Today I discovered that I was homeless for much of my childhood. As you can imagine, this came as something of a surprise to me.
As I was making the baby his breakfast and listening to the radio, I heard a discussion of government plans to cap the total sum of benefits that a family can receive. This, the presenter was saying, would make people homeless. No, said home secretary Iain Duncan Smith, not as you and I understand homelessness. “The public thinks that homelessness is about not having reasonable accommodation to go to” he said. “That’s not the definition. The definition inside government and places like Shelter is that children have to share rooms.”
On that basis, it turns out that I was homeless for years at a time as a child and didn’t even notice.
So is that right, that the government defines children as homeless if they have to share rooms? I looked it up in the Housing Act, 1996:
175 Homelessness and threatened homelessness.
(1) A person is homeless if he has no accommodation available for his occupation, in the United Kingdom or elsewhere, which he… is entitled to occupy.
(2) A person is also homeless if he has accommodation but (a) he cannot secure entry to it, or (b) it consists of a moveable structure, vehicle or vessel designed or adapted for human habitation and there is no place where he is entitled or permitted both to place it and to reside in it.
(3) A person shall not be treated as having accommodation unless it is accommodation which it would be reasonable for him to continue to occupy.
(4) A person is threatened with homelessness if it is likely that he will become homeless within 28 days.
There’s nothing in Iain Duncan Smith’s statement that can be directly traced back to that legal definition of homelessness. But perhaps it lies in subsection 3, that it would be unreasonable to expect someone to live in a house in which children have to share a room. Reading on through the bill to understand what ‘reasonable accommodation’ might be, I’m pointed to the government’s definition of overcrowding, set out in the Housing Act 1985. A house can be deemed overcrowded by either the ‘room standard’ or the ‘space standard’:
325 The room standard.
(1) The room standard is contravened when the number of persons sleeping in a dwelling and the number of rooms available as sleeping accommodation is such that two persons of opposite sexes who are not living together as husband and wife must sleep in the same room.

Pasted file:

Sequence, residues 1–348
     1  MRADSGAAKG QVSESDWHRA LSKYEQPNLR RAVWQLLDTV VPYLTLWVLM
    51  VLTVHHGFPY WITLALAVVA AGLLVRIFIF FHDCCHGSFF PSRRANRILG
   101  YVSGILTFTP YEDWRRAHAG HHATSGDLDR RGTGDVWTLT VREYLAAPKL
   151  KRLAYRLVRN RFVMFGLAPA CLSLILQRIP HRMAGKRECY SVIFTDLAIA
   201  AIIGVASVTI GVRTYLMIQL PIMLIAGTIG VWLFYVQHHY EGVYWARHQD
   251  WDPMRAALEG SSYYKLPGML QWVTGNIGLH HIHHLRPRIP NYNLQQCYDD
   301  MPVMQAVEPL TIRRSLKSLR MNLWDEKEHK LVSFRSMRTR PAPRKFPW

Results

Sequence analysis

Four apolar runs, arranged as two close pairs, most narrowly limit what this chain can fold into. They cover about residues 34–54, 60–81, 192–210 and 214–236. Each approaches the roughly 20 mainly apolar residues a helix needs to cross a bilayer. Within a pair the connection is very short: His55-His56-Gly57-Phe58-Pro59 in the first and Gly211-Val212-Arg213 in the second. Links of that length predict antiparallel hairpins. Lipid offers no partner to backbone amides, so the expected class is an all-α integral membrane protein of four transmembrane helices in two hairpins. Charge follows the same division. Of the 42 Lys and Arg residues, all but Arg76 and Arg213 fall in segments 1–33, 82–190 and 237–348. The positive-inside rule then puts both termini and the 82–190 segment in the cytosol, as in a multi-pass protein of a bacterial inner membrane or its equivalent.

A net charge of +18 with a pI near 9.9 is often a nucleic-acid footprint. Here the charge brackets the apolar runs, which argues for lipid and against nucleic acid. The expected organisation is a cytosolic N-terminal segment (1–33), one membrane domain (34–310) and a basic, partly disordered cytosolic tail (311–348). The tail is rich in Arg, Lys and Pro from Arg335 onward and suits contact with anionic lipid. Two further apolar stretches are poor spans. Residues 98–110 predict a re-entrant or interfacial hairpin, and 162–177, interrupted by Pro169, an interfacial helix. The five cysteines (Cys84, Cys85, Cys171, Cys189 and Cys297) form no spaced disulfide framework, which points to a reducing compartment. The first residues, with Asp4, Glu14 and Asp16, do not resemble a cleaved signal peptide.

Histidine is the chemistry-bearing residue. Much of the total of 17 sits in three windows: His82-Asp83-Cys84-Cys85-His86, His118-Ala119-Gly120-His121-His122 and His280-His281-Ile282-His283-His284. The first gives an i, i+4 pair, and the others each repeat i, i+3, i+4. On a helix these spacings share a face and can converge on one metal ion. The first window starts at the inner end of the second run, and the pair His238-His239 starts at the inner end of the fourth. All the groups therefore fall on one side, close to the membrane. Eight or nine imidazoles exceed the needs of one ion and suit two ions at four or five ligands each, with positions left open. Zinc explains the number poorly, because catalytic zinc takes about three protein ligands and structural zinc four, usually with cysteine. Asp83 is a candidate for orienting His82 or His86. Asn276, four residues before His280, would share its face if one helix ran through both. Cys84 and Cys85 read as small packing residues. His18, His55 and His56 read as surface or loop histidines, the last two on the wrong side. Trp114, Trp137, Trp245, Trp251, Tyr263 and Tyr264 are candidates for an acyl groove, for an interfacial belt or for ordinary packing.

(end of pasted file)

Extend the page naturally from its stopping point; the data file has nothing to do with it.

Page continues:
(2) For this purpose— (a) children under the age of ten shall be left out of account, and (b) a room is available as sleeping accommodation if it is of a type normally used in the locality either as a bedroom or as a living room.
326 The space standard.
(1) The space standard is contravened when the number of persons sleeping in a dwelling is in excess of the permitted number, having regard to the number and floor area of the rooms of the dwelling available as sleeping accommodation.
Here is gets complicated, with the number of people allowed in a house with 2 rooms or 3 rooms, and the number of people allowed in a room of a certain size. A room of 90 to 110 square feet, for example, can sleep one and a half people. (Children under 10 count as half a person, according to the government.)
It also gets a little odd. You can be fined for overcrowding your house, but since you’d technically be homeless if your house was overcrowded, does that mean we fine people for being homeless?
Or since living rooms count as sleeping accommodation in the official definition, if you share a bunkbed with your brother in the box-room, you’re homeless, but you wouldn’t be if you slept downstairs on the couch.
Perhaps I’ve misunderstood that somehow, but I suspect the minister has too. His paraphrase is certainly a little off the wall, although he’s right to say that the general public don’t understand the legal definition of homelessness. The homeless charity Shelter were also quick to suggest that he’s not got it right:
‘The Secretary of State said that, according to Shelter, a family where children share a bedroom would be defined as homeless” the charity said in an official statement. “This is simply not true.”
The 1996 Housing Act defines homelessness to include not just rough sleeping, but a broader range of circumstances that include reasons why people are unable to occupy their current home, such as because of a threat of domestic violence.
This wider definition is essential in order to capture the true scale of the problem and to tackle it effectively. Only the most severe overcrowding, such as people sleeping in kitchens, could be potentially considered by local authorities as homeless under the statutory definition. This would not include two children sharing a room.
So the good news is that perhaps I wasn’t homeless after all. The bad news is that our government minister in charge of homelessness doesn’t seem to understand it very well.